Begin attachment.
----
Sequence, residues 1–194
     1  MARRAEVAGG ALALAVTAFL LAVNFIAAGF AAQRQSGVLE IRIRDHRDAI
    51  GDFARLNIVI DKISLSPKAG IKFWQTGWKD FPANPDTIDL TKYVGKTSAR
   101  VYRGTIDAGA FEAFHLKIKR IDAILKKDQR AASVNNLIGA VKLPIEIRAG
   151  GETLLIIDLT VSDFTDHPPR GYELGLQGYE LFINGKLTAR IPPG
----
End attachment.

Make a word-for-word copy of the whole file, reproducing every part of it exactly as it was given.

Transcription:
Sequence, residues 1–194
     1  MARRAEVAGG ALALAVTAFL LAVNFIAAGF AAQRQSGVLE IRIRDHRDAI
    51  GDFARLNIVI DKISLSPKAG IKFWQTGWKD FPANPDTIDL TKYVGKTSAR
   101  VYRGTIDAGA FEAFHLKIKR IDAILKKDQR AASVNNLIGA VKLPIEIRAG
   151  GETLLIIDLT VSDFTDHPPR GYELGLQGYE LFINGKLTAR IPPG